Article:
Melanoma is staged as follows (11); see also Table 28.1:



  • Stage I: local to the upper (superficial) dermis


  • Stage II: local to the lower (deep) dermis or subcutaneous tissues


  • Stage III: regional metastases, either to lymph nodes or to intralymphatic spaces (satellitosis or in-transit metastases)


  • Stage IV: distant metastases are present








TABLE 28.1. Stage Groupings for Cutaneous Melanoma








































































































































































































Clinical Staging


Pathologic Staging



T


N


M


T


N


M


0


Tis


N0


M0


Tis


N0


M0


IA


T1a


N0


M0


T1a


N0


M0


IB


T1b


N0


M0


T1b


N0


M0



T2a


N0


M0


T2a


N0


M0


IIA


T2b


N0


M0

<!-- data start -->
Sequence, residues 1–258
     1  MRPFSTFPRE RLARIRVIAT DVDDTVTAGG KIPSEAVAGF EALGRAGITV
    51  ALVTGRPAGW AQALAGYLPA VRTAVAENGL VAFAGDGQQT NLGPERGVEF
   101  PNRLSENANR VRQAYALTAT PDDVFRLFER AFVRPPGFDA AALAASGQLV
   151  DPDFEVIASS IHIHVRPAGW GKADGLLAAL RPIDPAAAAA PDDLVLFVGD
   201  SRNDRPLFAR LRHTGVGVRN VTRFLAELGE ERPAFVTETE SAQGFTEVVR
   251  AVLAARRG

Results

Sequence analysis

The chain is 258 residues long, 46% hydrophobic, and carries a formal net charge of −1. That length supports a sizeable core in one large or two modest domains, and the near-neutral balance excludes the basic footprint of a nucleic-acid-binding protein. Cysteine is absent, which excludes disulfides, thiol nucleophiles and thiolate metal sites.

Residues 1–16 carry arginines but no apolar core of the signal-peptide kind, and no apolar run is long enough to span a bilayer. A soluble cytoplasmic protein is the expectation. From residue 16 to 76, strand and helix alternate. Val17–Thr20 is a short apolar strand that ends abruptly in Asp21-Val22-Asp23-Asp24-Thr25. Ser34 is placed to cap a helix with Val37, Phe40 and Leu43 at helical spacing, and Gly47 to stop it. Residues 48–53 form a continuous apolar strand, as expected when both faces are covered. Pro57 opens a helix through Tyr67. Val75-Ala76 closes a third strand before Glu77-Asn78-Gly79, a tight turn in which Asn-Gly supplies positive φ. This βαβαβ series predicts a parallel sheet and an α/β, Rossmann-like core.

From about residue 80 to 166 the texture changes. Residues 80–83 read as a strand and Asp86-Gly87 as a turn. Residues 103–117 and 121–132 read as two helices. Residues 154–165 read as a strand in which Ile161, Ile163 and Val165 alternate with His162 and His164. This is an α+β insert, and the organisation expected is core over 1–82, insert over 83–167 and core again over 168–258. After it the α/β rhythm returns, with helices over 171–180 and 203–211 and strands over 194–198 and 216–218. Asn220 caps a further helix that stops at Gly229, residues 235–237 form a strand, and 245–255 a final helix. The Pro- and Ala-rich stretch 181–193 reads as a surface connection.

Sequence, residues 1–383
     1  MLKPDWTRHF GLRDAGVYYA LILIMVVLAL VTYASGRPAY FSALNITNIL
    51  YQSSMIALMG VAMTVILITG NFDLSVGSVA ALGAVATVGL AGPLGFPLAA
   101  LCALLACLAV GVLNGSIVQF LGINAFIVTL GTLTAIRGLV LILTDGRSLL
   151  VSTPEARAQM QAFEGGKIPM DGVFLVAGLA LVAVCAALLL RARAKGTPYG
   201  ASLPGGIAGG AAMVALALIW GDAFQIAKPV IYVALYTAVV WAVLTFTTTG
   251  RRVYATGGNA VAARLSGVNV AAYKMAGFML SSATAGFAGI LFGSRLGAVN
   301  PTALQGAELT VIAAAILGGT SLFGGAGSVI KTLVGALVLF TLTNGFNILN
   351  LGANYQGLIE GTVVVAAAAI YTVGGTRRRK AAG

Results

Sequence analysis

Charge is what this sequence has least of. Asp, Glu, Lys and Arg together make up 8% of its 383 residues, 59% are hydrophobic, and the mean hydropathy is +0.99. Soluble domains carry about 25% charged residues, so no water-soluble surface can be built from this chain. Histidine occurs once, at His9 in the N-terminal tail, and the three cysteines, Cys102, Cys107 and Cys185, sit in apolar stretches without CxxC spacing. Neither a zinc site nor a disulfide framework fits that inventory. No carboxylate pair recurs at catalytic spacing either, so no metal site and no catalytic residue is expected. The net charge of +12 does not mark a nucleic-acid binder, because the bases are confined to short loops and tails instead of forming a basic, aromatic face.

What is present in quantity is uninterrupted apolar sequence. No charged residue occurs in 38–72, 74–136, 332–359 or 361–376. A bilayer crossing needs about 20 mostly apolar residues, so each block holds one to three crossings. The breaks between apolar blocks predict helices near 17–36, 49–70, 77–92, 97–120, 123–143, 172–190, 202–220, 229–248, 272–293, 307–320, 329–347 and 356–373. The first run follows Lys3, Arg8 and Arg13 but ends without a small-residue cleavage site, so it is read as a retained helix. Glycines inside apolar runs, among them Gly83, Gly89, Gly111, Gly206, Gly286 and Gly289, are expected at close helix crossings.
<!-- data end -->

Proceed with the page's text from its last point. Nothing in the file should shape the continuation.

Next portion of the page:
T2b


N0


M0



T3a


N0


M0


T3a


N0


M0


IIB


T3b


N0


M0


T3b


N0


M0



T4a


N0


M0


T4a


N0


M0


IIC


T4b


N0


M0


T4b


N0


M0


III


Any T


N1


M0







N2








N3






IIIA





T1-4a


N1a


M0






T1-4a


N2a


M0


IIIB





T1-4b


N1a


M0






T1-4b


N2a


M0






T1-4a


N1b


M0






T1-4a


N2b


M0






T1-4a/b


N2c


M0


IIIC





T1-4b


N1b


M0






T1-4b


N2b


M0






Any T


N3


M0


IV


Any T


Any N


Any M1


Any T


Any N


Any M1

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Sep 23, 2016 | Posted by in UROLOGY | Comments Off on Melanoma